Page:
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TODAY'S OTHER NEWS

Still trusting Trustpilot? Joe Lycett shows how reviews can be gamed

Arguments over the alleged gaming of reviews by and for some estate agencies have waged ferociously in recent years, and now comedian Joe Lycett has shown exactly how easy it is to do.

Lycett - whose Channel 4 consumer rights show has previously featured a lettings agency involved in a deposits row - takes an in depth look at how Trustpilot’s reviews can be gamed.

Although the comedian does not name any property company, he does illustrate the ease of rigging reviews by creating a fictitious water purifying product - actually a colander - and incentivising people to give it five star reviews on Trustpilot.

This is despite the fact that most of the reviewers believed the ‘water purifier’ was a con.

Lycett’s highly entertaining 15 minute look at Trustpilot includes various references that will be familiar to critics of review services. For example, when one reviewer says he will give the colander only three stars, Lycett says he’ll complain and get it deleted; when other individuals appear reluctant to make a review at all, he offers them sweets as an incentive.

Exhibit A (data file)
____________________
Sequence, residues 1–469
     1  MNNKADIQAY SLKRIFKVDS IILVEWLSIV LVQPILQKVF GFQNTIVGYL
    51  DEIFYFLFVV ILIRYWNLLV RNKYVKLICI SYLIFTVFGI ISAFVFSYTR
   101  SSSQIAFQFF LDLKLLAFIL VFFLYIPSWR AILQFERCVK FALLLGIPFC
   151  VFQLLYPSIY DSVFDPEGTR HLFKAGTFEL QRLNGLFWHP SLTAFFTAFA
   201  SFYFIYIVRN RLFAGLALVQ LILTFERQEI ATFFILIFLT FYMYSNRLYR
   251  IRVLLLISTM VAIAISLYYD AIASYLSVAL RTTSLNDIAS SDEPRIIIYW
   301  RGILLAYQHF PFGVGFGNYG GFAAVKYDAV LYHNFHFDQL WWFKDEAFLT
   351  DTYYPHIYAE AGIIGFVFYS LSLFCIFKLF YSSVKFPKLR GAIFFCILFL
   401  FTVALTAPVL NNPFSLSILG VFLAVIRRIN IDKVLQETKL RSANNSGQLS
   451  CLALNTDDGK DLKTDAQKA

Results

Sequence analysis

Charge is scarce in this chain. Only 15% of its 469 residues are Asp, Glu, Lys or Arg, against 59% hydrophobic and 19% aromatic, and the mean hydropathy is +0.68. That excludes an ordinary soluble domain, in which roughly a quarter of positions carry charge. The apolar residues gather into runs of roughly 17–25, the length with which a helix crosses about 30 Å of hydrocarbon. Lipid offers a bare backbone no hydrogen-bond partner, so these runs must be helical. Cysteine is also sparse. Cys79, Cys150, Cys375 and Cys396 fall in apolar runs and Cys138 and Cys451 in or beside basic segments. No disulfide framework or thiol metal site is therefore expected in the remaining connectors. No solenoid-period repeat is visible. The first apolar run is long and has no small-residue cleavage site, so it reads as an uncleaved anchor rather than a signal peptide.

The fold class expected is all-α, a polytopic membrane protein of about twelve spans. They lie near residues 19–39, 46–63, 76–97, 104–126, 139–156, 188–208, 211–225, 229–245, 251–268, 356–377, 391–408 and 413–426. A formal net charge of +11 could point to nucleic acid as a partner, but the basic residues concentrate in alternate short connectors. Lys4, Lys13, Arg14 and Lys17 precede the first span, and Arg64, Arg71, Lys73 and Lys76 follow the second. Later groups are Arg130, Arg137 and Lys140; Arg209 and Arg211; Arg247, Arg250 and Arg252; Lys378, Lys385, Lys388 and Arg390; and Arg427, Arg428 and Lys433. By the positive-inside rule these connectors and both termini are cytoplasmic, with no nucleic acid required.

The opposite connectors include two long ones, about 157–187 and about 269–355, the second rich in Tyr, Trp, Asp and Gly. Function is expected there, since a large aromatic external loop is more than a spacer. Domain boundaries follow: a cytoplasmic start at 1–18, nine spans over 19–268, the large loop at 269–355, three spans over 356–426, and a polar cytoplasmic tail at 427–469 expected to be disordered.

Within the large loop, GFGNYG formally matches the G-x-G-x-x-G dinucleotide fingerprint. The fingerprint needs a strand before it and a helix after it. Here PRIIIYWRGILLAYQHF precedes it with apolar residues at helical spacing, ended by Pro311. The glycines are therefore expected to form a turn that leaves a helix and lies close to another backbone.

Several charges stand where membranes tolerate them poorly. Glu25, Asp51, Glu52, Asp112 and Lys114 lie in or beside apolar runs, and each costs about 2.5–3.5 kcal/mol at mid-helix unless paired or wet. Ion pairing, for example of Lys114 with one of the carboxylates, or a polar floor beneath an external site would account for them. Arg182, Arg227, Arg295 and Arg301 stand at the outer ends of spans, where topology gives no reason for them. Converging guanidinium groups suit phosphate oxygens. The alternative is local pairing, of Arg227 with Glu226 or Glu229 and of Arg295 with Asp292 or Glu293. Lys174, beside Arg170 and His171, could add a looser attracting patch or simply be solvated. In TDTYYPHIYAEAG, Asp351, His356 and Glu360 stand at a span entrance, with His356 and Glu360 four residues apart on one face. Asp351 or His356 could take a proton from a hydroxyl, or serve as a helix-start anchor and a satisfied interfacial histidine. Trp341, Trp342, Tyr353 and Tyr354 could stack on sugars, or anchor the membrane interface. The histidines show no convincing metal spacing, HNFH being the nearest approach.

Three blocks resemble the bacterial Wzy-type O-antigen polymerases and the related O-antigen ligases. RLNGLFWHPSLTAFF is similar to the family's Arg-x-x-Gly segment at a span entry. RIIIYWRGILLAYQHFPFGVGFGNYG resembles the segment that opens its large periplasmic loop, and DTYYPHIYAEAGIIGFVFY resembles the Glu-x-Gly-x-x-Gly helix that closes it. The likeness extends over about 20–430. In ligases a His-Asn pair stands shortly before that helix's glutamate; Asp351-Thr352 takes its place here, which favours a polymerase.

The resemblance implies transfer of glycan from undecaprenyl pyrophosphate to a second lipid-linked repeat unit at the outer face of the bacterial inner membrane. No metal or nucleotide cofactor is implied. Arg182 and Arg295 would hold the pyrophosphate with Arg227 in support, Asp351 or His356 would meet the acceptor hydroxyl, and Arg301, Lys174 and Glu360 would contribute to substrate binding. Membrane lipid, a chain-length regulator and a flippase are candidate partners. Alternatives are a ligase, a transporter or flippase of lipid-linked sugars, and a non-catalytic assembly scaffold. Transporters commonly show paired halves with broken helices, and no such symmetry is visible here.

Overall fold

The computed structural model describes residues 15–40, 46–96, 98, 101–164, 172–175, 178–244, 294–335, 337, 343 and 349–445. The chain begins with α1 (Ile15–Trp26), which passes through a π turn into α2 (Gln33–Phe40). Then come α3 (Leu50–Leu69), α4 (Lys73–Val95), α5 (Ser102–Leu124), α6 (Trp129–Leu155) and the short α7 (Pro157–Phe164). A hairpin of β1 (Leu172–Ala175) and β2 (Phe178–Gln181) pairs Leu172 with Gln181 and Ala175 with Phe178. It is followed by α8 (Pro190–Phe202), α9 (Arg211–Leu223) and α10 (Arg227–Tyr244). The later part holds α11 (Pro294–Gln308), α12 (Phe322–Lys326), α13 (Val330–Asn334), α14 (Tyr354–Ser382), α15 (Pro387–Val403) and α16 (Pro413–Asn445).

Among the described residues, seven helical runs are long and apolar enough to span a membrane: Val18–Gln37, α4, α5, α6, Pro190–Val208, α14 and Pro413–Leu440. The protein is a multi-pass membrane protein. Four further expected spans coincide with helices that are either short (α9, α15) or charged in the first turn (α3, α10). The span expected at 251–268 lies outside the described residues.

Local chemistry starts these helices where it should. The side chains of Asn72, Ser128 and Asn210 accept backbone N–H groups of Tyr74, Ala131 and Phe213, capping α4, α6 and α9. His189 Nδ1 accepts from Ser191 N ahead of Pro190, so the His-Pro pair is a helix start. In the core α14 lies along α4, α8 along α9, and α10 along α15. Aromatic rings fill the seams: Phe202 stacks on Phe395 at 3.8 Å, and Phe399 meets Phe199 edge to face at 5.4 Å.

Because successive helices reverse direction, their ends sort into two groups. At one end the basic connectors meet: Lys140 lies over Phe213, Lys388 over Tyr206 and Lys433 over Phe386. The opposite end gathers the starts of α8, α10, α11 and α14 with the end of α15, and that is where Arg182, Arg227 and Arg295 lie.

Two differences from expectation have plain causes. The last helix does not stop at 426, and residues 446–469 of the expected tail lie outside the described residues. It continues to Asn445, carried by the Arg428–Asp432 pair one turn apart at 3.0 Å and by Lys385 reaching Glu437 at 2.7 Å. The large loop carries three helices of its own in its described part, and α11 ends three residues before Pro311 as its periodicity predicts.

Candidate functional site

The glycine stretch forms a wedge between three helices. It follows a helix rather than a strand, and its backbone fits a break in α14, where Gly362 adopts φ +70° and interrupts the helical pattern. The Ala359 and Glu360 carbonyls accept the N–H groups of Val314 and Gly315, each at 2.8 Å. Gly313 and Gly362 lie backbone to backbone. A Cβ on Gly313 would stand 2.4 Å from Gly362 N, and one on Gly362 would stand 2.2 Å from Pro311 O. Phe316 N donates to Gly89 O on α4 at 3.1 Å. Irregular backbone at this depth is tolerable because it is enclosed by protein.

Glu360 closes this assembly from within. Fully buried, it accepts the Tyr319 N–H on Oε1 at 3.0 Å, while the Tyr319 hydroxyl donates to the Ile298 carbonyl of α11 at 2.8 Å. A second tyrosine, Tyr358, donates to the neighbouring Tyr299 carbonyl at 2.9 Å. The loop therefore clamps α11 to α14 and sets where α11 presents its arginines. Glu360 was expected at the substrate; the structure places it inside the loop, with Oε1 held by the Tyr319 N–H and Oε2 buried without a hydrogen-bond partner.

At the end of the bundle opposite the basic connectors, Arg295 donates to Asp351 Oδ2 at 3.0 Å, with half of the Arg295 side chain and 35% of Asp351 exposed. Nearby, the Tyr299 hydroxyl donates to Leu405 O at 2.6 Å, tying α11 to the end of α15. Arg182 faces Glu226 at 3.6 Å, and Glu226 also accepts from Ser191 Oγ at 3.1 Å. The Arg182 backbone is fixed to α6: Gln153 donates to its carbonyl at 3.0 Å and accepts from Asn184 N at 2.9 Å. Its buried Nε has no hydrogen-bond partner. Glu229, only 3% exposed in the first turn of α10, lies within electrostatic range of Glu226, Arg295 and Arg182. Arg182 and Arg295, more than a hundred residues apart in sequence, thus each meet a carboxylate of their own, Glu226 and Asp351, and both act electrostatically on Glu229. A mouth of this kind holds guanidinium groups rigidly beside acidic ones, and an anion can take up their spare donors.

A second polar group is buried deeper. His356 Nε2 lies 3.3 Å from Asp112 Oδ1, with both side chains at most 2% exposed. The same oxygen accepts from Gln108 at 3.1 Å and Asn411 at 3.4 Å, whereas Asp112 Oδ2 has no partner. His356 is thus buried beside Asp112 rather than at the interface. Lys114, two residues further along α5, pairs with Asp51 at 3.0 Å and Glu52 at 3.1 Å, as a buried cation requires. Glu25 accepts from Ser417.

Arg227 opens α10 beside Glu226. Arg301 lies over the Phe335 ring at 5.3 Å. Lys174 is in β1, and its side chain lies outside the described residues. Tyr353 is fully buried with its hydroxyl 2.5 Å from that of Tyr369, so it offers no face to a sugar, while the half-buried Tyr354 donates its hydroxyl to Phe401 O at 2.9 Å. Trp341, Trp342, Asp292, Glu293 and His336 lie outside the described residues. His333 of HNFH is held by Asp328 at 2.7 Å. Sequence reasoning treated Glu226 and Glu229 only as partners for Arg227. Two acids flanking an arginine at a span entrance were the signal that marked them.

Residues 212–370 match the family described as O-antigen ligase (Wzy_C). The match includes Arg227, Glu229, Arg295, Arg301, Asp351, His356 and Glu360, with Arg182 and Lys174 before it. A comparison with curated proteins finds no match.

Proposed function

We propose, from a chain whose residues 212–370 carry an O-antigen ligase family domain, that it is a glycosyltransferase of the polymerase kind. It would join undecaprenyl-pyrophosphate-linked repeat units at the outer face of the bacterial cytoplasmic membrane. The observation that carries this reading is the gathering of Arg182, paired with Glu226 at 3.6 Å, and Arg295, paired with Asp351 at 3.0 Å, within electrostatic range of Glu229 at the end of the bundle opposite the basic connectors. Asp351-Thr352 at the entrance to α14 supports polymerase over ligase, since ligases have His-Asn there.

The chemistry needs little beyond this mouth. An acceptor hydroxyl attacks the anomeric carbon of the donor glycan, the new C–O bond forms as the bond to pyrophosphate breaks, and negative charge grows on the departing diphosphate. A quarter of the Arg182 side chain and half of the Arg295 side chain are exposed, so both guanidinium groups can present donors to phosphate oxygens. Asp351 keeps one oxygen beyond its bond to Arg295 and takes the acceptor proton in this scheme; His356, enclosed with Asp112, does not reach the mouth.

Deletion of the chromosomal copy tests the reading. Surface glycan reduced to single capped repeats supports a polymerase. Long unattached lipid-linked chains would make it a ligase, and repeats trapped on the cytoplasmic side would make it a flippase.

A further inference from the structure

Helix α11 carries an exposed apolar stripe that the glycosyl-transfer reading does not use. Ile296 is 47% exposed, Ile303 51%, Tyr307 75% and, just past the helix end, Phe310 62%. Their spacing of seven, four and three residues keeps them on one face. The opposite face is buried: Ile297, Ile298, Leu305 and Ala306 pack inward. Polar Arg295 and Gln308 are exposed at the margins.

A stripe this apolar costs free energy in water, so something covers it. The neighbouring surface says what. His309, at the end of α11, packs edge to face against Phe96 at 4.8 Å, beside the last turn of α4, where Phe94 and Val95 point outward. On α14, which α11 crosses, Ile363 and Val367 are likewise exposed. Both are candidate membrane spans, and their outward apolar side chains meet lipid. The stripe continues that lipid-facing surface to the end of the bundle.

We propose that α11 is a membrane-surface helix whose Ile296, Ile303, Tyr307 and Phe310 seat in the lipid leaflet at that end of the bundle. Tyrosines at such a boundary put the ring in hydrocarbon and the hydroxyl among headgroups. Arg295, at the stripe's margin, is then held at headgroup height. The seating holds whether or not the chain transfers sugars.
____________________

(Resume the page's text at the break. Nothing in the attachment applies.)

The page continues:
More seriously, he makes the point: “How can [Trustpilot] let a company with an entirely fake product that’s not sold a simple unit, get 160 entirely bogus reviews taking it to the top of multiple categories?”  

You can see Lyceum’s full piece at the bottom of this story; as with all of his comedy, it’s laced with occasional bad language and innuendo. 

Trustpilot, in a lengthy statement posted on its website, explains its processes to identify fake products and reviews, and tries to dismiss the Channel 4 piece as  a “prank” but goes on to say “over the next weeks and months, we’re investing millions more in technology, people and processes to keep improving our platform and enforcement.”

In addition it admits that “historically some companies have chosen to offer consumers an incentive to leave a review. This is allowed under our guidelines as long as every incentive is neutrally worded, steering equally towards both positive and negative feedback. The simple logic is that neutral incentives lead to more reviews and that creates a fuller picture for other consumers.”

Here’s is Trustpilot’s statement.

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